The Mangalam Research Center, an independent operating division of the Head Lama of the Tibetan Nyingma Meditation Center based in Berkeley, California, will host a two-day conference to discuss mindfulness. The conference will look at the ways that mindfulness has been received in the modern world, often stripped of cultural and religious contexts, examining problems that have arisen and benefits from the practice. The event will be open to the public in person and can also be attended online.
The conference, titled “Mindfulness: What’s Next,” will take place on 7–8 October. It will feature scholars and meditation teachers addressing issues such as what aspects of mindfulness are working well, what is problematic, and where are we headed next.
“This conference will gather scholars and Buddhist meditation or mindfulness teachers to address such concerns, evaluate the status of mindfulness practice and teaching today, and discuss where it is headed,” the Mangalam Research Center announced.
The Mangalam Research Center states on their website:
The past two decades have witnessed a tremendous burst of interest in “mindfulness.” But there are problems. First, mindfulness is often amorphous in its presentation, making it unclear what is really being presented. Second, secular mindfulness is deliberately cut off from its Buddhist roots, where it is part of a holistic model for practice that involves the cultivation of ethics and wisdom. This has led to concern that mindfulness is at risk of becoming just another self-help method rather than a liberatory practice. Also, while many studies have shown mindfulness of all varieties to be of practical benefit in relieving some of the conditions of suffering, conflicting data has also accumulated. Some teachers also worry that a rootless mindfulness may even be harmful when it is practiced without appropriate preparation or supervision. Others are concerned that it can be used to gaslight, placing blame for unhappiness or dis-ease exclusively on the individual without casting a critical eye on external conditions, such as social and economic structures or the climate and ecological crisis.(Mangalam Research Institute)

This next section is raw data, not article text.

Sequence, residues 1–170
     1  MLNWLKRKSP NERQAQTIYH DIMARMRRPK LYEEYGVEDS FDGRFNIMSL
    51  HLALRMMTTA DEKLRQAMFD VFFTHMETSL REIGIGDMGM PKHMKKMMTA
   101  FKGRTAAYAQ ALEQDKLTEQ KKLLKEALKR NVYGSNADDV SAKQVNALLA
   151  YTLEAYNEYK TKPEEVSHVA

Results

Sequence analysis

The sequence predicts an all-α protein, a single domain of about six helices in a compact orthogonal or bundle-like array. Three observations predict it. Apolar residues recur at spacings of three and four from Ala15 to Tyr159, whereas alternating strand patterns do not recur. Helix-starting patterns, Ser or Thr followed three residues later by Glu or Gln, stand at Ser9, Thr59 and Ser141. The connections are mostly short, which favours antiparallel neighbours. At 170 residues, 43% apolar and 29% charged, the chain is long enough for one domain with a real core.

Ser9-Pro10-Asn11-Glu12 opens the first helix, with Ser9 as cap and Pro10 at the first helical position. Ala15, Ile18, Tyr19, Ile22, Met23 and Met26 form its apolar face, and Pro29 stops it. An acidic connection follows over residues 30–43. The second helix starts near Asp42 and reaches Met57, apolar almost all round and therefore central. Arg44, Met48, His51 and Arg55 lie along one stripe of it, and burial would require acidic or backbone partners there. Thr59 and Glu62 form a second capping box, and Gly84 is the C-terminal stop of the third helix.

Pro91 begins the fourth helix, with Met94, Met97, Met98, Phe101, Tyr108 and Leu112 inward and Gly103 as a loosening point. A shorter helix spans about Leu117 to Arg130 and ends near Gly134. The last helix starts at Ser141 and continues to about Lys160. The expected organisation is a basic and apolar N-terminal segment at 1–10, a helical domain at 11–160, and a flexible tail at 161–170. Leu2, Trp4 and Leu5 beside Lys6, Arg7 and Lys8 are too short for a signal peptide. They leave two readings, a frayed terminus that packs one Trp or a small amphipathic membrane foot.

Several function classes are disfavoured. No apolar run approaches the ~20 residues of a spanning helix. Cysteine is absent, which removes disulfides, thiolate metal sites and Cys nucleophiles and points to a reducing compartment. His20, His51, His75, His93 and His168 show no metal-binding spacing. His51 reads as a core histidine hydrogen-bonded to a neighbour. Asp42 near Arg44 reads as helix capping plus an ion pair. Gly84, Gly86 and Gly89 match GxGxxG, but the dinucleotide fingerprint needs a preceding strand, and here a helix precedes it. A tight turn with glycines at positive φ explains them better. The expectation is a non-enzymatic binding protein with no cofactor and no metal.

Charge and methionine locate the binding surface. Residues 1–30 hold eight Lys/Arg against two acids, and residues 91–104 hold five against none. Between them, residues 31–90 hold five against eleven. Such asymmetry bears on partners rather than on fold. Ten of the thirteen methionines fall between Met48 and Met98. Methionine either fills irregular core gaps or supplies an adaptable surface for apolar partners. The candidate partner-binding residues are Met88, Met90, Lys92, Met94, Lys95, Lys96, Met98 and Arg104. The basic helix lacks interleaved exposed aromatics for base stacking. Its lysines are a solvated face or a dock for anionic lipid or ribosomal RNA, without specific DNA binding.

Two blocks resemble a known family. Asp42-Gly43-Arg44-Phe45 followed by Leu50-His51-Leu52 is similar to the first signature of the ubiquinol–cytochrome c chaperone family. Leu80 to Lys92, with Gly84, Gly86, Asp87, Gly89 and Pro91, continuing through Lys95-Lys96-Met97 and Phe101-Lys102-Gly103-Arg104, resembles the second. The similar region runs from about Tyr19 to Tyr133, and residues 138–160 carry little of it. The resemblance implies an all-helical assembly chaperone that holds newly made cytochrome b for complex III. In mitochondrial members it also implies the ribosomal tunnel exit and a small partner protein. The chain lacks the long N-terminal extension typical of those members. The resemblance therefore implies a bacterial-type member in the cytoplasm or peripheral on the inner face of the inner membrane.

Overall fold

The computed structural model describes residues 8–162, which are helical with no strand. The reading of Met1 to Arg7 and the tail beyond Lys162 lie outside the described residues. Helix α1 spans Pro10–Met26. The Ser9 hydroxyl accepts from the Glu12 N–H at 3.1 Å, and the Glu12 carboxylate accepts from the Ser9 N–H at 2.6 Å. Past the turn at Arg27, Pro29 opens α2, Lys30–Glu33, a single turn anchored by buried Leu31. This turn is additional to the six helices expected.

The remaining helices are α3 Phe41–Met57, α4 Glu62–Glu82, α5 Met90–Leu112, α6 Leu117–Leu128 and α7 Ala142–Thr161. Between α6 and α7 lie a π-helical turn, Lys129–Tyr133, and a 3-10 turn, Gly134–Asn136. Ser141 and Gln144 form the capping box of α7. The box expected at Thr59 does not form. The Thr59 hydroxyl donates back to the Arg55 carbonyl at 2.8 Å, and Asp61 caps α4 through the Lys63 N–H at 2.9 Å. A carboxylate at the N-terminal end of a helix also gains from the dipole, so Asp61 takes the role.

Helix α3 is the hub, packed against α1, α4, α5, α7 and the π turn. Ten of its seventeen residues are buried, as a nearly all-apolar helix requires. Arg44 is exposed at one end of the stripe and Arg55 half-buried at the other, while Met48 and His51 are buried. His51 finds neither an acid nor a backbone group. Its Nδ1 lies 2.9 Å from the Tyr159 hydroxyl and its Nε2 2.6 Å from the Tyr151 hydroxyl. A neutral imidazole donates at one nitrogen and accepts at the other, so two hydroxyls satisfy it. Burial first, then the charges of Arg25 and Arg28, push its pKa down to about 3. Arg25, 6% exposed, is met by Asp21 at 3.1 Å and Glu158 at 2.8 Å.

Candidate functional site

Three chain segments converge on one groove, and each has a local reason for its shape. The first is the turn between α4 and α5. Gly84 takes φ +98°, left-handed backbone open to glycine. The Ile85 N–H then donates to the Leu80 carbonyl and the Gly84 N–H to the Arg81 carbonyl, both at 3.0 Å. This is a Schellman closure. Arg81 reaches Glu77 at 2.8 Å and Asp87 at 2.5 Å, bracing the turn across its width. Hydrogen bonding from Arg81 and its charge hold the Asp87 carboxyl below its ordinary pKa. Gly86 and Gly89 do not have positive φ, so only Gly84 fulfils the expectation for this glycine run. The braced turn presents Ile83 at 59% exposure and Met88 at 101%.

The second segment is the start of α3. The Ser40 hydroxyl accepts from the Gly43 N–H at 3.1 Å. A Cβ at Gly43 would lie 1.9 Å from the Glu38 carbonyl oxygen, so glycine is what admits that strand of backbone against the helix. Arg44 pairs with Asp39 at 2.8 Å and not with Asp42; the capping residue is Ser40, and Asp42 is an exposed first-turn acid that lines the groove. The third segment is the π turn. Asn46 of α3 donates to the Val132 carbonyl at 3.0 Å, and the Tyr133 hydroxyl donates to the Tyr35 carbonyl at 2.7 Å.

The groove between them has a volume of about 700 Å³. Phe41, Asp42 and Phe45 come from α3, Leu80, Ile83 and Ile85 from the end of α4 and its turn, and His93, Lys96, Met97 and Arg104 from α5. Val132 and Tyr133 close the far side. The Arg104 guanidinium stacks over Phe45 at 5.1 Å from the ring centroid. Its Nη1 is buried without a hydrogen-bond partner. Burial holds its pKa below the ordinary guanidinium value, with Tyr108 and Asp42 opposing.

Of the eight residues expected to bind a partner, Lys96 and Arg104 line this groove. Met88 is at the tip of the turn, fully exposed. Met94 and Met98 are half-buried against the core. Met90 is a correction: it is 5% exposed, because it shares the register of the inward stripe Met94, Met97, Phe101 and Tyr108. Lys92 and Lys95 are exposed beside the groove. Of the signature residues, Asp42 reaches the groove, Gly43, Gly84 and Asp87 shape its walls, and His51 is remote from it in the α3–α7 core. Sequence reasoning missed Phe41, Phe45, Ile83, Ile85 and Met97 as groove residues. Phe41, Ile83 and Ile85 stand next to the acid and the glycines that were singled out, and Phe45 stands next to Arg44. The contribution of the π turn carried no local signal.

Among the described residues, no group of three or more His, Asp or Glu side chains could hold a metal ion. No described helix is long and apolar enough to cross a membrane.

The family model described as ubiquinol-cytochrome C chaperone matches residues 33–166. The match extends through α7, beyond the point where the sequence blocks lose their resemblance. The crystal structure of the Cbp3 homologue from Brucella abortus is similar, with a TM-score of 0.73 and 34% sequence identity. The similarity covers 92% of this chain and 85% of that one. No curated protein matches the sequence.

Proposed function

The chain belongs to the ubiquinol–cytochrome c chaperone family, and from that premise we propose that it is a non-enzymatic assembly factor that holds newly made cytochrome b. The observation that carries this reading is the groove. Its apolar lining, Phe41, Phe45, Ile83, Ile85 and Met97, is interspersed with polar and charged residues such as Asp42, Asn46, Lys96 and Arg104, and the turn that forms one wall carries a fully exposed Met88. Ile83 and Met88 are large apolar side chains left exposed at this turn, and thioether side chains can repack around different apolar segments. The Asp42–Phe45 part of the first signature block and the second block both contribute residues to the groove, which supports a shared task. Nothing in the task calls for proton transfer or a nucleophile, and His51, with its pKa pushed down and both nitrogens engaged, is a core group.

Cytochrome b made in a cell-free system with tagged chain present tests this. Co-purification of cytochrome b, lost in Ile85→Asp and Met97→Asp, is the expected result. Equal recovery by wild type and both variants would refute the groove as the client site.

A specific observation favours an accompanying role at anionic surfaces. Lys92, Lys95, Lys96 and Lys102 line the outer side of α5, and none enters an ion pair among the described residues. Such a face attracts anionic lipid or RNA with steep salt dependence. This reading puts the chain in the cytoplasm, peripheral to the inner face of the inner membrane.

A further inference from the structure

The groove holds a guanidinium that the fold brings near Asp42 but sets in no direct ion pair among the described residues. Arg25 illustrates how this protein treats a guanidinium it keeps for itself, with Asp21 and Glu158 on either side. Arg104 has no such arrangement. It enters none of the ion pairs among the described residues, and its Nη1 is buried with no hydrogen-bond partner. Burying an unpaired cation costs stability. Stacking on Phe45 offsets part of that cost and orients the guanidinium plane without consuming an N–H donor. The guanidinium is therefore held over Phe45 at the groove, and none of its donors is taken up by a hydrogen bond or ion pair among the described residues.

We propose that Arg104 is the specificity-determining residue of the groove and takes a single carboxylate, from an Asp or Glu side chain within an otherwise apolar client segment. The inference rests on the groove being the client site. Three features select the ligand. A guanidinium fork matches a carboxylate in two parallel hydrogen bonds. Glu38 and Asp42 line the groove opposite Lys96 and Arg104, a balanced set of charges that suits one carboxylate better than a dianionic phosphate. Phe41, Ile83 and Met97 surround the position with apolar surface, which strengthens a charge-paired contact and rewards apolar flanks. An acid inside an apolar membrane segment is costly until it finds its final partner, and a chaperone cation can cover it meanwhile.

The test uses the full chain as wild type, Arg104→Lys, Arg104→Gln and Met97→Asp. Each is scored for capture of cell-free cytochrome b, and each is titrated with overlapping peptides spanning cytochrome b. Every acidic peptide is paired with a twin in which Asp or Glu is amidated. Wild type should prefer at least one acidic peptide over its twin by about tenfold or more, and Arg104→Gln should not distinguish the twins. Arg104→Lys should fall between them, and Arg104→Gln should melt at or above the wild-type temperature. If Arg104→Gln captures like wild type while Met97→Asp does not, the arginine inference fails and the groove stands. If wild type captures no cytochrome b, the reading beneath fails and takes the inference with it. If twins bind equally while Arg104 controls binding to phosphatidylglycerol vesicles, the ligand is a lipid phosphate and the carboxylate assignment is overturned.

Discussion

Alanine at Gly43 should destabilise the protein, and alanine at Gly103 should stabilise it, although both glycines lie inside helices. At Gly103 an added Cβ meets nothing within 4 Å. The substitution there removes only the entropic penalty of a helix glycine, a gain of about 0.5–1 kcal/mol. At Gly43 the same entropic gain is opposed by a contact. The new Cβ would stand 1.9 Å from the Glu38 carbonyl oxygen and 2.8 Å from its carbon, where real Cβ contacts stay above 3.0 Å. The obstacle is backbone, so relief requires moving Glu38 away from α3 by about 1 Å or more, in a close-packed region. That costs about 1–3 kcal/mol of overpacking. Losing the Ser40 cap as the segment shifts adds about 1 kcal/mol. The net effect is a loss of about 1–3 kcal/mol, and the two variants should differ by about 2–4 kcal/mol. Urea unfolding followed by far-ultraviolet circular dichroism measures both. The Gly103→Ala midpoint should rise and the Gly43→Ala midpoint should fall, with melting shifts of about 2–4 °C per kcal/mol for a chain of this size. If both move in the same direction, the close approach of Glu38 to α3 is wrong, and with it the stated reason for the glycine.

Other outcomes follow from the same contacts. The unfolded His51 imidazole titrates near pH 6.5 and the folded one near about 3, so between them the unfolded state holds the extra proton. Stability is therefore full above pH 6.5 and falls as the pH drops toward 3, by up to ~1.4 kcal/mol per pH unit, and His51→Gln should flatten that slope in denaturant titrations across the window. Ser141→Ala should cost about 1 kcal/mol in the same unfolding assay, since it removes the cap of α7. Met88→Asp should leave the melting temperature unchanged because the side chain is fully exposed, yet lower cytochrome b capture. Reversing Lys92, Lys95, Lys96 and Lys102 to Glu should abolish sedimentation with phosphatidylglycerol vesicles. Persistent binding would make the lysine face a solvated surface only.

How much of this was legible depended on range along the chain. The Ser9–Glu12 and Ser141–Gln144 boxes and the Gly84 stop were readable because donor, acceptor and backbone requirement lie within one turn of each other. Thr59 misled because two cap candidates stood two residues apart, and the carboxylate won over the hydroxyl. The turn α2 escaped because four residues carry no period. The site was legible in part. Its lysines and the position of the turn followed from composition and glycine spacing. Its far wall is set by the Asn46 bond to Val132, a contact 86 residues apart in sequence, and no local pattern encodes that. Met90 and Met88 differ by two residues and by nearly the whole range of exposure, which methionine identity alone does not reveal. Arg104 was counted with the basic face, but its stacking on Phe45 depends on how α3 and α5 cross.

Those attending in person should know that the event is fragrance free to accommodate the health needs of attendees with chemical sensitivities.
9:30–9:45am – Welcome & short opening meditation
9:45–10:30am – Erik Braun, ““Seeing through Mindfulness: The Fortunes of Sati in America”
10:40–11:25am – Ayya Santacitta Bhikkhuni, “Working with the Elements”
11:35am–12:25pm – Donald Rothberg, “The Nature of Awakening: Traditional and Contemporary Paths of Awakening”
12:30–2:00pm – Lunch break
2:00–2:20pm – Guided practice
2:20–3:05pm – Jody Greene, “‘Read a Little Dharma Every Day’: Deep Reading as a Contemplative Practice”
3:15–4:00pm – Nikki Mirghafori, “The Perils of Impatience for ‘Achieving’ Not-Self”
4:00–4:30 pm – General discussion & short closing meditation
9:30–9:45am – Welcome & short meditation
9:45–10:30am – Jack Petranker, “Attention Must Be Paid”
10:40am–12:10pm – Mushim Ikeda & Rev. Eli Brown-Stevenson, “Inclusive Mindfulness for Gen Z & Beyond: Emphasizing BIPOC Youth & People with Disabilities”
12:10–2:00pm – Lunch break
2:00–2:20pm – Guided practice
2:20–3:05pm – Hozan Alan Senauke, “The Social Practice of Mindfulness”
3:15–4:00pm – General discussion & short closing meditation
Summaries of the speakers’ talks and registration information can be found on the Manglam Research Center website.
The Mangalam Research Center for Buddhist Languages aims to create a body of knowledge to help with the translation of Buddhist writings from their classical languages to English. The center offers programs in Buddhist studies and works to create tools, including philosophical and philological insights, that can help with translation. It was founded in 2009.
Special Events (Mangalam Research Center)
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